My summer in the public sector, as I call it,
I rode with Wes up and down the county roads
looking for dead animals. The rule was that anything
from fenceline to fenceline was our responsibility.
If there were no fences our job was to imagine them,
or where they would be if they had been, as Wes put it.
Mostly we dealt with rabbits and possums, squirrels, cats,
armadillos flat as beer cans, and the other small animals
of the night, but on occasion we found bigger prey,
once a family of deer that must have been feeding in the road,
five of them as if a bomb had been tossed among them,
parts scattered for a quarter mile, one of them still breathing
until Wes went back to the truck to get the gun.
The most surprising thing, the most stunning, the worst,
was a mule on County Road 5, hit by a gravel truck going 80,
as Wes reconstructed it. It might have been lying there
in the weeds in the right-hand ditch for more than a week,
and a week in August is not kind to a dead mule.
I fetched the rope while Wes tried to scare away the vultures,
and we heaved it over, which would have been a mistake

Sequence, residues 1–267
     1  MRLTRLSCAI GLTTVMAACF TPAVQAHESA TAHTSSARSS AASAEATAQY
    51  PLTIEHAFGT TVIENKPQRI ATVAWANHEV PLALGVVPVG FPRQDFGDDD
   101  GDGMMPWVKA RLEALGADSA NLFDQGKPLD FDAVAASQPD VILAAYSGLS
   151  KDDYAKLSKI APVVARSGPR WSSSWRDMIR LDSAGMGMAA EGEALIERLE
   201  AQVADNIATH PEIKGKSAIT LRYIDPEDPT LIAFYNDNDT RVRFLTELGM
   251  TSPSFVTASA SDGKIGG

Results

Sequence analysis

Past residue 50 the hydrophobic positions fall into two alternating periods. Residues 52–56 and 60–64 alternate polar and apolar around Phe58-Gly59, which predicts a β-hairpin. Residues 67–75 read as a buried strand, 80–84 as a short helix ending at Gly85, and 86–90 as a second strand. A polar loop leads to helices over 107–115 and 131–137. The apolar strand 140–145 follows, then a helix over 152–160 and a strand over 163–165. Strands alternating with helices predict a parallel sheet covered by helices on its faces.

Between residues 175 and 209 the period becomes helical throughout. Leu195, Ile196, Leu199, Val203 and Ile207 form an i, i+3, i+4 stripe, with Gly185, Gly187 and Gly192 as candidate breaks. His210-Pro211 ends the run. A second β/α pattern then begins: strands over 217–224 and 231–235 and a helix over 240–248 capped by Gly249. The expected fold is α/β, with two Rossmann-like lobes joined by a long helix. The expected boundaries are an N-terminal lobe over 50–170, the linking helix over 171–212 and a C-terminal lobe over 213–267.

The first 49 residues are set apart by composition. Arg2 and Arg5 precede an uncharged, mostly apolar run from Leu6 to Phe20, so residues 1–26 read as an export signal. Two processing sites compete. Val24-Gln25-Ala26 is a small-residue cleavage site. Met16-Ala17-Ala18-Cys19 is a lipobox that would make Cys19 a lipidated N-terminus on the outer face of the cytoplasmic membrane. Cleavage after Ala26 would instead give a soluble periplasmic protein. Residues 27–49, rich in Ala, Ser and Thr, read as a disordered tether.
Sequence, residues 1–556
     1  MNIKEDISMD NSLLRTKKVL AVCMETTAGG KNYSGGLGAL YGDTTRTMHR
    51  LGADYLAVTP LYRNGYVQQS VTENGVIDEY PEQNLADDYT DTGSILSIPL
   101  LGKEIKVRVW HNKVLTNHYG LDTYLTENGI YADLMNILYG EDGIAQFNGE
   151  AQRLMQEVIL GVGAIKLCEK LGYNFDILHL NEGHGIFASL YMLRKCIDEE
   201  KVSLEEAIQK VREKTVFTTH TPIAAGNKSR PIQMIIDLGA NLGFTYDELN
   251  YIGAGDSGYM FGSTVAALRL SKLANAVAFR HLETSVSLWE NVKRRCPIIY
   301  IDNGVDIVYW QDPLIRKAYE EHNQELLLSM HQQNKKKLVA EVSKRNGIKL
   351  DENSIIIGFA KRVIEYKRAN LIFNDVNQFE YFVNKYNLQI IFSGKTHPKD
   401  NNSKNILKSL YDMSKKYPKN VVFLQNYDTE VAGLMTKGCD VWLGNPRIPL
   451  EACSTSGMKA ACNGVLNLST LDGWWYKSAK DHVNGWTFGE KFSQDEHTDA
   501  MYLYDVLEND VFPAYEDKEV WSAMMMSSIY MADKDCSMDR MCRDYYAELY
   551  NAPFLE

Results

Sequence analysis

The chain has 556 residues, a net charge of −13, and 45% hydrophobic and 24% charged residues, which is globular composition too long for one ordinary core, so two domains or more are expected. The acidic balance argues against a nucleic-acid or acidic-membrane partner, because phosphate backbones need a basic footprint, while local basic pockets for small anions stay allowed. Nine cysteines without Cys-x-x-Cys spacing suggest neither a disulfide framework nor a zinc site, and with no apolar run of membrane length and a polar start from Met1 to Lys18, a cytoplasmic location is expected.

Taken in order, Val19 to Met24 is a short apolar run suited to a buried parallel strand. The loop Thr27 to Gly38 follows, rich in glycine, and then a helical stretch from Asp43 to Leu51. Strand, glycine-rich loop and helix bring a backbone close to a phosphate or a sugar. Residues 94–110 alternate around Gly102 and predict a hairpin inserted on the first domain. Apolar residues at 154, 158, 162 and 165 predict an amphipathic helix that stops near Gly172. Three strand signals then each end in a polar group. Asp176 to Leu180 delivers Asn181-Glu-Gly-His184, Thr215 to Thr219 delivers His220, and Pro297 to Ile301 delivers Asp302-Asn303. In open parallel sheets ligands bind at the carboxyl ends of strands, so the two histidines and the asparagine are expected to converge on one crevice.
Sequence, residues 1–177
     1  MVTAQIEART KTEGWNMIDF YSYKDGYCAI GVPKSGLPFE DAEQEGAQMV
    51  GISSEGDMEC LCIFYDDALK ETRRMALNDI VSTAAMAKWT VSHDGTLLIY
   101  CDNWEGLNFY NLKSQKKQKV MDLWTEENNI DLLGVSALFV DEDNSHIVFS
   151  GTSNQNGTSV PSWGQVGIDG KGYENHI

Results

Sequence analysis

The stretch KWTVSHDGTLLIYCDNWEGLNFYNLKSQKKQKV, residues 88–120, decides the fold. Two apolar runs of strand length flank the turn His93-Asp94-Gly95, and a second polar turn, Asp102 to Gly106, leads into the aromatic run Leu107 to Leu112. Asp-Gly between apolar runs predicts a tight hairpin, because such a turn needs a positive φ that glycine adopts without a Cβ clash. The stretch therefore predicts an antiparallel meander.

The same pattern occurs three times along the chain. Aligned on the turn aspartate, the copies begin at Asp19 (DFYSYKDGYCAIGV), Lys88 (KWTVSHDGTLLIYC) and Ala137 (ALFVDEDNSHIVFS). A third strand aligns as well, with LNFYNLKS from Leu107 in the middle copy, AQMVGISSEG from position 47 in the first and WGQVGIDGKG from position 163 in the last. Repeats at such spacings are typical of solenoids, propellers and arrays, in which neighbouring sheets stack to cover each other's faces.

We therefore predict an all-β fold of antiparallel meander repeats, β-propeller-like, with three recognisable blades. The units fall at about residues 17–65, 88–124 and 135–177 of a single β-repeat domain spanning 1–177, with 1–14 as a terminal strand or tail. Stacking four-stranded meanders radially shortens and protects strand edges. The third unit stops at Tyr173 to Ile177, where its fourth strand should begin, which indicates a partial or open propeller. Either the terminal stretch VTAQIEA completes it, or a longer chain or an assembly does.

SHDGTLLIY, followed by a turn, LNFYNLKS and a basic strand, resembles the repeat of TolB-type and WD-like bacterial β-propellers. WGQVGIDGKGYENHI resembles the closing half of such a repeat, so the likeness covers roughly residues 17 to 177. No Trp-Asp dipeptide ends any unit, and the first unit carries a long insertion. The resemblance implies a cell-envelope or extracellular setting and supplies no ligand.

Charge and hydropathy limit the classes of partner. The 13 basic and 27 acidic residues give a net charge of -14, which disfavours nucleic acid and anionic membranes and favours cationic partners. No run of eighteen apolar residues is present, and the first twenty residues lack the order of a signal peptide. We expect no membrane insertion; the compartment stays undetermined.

if there had been another way. I said we ought to let the birds
have it for another week, get it down to a manageable size,
but Wes said we were being paid to protect the public health,
not run a wildlife preserve, so he sent me to the truck
for the chain saw, and we tied kerchiefs around our faces,
and set in by the side of the road to butcher a week-dead mule,
down to pieces I could carry far enough to toss in the truck.
We left some of the softer parts as sort of an offering to the birds,
and headed straight for the dump, where most of what we found
was buried at once by a man with a bulldozer and a sack of lime.
It was 4 o’clock when we finished with the mule, and I was ready
to call it a day, figuring the mule was worth some sort of bonus,
but Wes said we had to give the county a full day’s work
for a full day’s pay, no matter that we were on our own out here,
just us and the stinking roadkill, and we still had to look ourselves
in the mirror every morning, so we went back out Route 10
and found a skunk and a fox and something I never saw before,
that Wes said he believed to be a badger, maybe the last
one in the county for all he knew, right there dead and “dead for good,”
as Wes said, after he shoveled it up and hurled it into the truck himself.